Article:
During this legislative session, Washington State policymakers sought to address the affordability of health care. Specifically, the affordability of health care coverage available on the exchange, our state’s individual insurance market. Against the background of national and state discussions about single payer, the Governor and key health care legislators chose to pursue a solution called public option.

Public option proposals in other states take different forms. Some proposals include allowing middle-income, working-age adults to pay a premium to buy a Medicare or Medicaid plan. Others would set up a new public plan, run by the state, that consumers could purchase. Cascade Care – the public option plan in Washington State – involves commercial or Medicare managed care carriers offering plans and competing for enrollment on the exchange.

The other alternative offered in this year’s legislative session was a single payer solution (see Senate Bill 5822, Senate Bill 5222, and House Bill 1104).  Not surprisingly, this alternative did not gain wide support.  An advantage of the adopted public option approach, at least politically, is it preserves more choice for individuals, who can stay with a private plan if they prefer. A downside is that keeping many different insurance options may undermine one of the goals of a single-payer system, a simpler approach with less administrative costs.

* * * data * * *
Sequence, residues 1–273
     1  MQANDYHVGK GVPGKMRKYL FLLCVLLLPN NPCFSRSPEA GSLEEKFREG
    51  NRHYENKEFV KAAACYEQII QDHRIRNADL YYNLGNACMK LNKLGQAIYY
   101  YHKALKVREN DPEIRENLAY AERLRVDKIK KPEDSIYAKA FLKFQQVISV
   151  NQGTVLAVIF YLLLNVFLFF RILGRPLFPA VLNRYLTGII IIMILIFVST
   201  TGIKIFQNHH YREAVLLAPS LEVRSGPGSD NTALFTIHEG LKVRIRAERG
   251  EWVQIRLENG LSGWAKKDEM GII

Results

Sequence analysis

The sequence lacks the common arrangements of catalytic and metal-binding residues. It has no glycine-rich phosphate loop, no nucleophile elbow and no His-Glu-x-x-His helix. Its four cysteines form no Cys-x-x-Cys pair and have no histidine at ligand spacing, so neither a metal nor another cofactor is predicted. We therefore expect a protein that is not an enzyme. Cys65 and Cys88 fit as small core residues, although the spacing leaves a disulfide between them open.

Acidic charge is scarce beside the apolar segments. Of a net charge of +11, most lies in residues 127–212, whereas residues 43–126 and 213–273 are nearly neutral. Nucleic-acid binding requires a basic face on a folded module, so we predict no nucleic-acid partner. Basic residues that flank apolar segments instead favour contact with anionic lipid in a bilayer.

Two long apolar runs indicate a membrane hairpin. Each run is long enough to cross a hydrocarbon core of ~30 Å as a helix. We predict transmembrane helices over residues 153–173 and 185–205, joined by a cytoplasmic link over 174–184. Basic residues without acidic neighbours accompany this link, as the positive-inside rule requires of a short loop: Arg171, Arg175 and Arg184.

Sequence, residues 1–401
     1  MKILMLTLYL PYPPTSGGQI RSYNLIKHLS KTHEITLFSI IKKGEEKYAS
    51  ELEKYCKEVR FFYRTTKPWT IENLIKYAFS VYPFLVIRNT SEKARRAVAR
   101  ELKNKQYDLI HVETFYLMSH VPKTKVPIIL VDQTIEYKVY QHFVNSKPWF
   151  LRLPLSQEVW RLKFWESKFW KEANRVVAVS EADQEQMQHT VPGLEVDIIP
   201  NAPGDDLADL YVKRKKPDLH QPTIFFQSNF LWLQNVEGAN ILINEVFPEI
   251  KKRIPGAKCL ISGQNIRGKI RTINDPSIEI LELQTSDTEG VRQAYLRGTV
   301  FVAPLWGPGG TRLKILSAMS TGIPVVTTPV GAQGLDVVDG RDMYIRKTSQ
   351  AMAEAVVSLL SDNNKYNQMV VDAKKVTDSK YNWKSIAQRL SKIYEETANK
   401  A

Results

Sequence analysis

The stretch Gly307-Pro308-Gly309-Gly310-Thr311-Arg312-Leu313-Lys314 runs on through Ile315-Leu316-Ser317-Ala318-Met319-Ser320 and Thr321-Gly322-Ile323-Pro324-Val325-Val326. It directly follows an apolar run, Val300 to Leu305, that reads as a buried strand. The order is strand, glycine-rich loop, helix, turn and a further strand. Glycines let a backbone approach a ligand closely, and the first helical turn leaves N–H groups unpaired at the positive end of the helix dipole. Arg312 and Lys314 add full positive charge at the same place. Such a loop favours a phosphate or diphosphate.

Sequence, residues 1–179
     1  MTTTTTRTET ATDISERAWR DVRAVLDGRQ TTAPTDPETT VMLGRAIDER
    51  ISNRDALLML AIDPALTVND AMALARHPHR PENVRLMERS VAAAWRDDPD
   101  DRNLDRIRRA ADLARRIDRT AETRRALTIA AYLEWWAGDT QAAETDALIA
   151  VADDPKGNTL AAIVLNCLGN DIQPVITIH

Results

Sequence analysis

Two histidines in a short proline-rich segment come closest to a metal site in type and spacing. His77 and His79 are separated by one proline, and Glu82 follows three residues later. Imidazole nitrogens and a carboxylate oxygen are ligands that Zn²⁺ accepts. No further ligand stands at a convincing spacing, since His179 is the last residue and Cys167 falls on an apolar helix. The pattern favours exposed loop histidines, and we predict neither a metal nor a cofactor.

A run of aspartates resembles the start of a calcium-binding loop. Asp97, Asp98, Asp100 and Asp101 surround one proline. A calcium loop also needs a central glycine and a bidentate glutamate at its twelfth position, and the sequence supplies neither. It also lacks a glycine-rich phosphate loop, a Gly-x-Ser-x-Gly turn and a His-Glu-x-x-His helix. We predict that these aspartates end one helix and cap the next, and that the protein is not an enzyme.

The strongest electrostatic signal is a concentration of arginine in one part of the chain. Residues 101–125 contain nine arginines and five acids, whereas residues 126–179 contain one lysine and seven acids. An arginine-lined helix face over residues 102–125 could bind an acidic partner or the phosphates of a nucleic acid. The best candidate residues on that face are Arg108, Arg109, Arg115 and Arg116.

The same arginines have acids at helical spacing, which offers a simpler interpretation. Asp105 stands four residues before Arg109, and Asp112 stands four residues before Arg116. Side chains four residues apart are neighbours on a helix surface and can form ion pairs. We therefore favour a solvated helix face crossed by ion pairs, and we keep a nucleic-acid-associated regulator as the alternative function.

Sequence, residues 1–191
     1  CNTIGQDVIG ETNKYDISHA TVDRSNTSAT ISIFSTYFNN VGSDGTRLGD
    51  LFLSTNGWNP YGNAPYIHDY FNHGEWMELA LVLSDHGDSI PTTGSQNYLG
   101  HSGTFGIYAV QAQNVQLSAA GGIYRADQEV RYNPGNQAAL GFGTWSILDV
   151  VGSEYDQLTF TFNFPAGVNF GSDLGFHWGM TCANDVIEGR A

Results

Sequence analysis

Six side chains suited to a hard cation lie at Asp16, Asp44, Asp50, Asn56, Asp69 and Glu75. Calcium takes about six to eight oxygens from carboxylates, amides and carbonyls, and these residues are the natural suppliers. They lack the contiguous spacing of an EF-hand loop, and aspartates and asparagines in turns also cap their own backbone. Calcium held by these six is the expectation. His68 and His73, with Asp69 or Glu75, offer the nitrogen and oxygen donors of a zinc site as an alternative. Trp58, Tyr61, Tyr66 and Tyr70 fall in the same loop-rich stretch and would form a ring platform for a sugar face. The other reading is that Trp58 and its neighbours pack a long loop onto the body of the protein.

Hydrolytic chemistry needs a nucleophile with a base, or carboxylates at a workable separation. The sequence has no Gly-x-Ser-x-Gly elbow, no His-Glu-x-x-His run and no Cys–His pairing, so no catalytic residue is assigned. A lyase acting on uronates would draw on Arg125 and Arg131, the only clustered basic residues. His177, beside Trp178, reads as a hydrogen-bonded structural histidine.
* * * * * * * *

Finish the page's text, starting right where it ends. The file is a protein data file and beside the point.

With Washington State becoming the first state to adopt a plan called public option, WSHA and others will be closely monitoring how Cascade Care is implemented. Are carriers able to put together adequate provider networks?  Will costs decrease as expected? Will enrollment in health care coverage increase? Will there be any impact on health insurance markets outside the exchange, such as the small group market? What happens if no public option health plans are offered because carriers report they cannot get hospital or provider participation? Will carrier, hospital, and provider participation continue to be voluntary? These are among the numerous questions that will need to be addressed over the next few months and years.


WSHA’s 2019 New Law Implementation Guide

Please visit WSHA’s 2019 implementation guide online, where you will find a list of the high priority laws that WSHA is preparing resources and information on to help members implement the new laws, as well as links to resources such as this bulletin. In addition, you will find the Government Affairs team’s schedule for the release of upcoming resources on other laws and additional resources for implementation.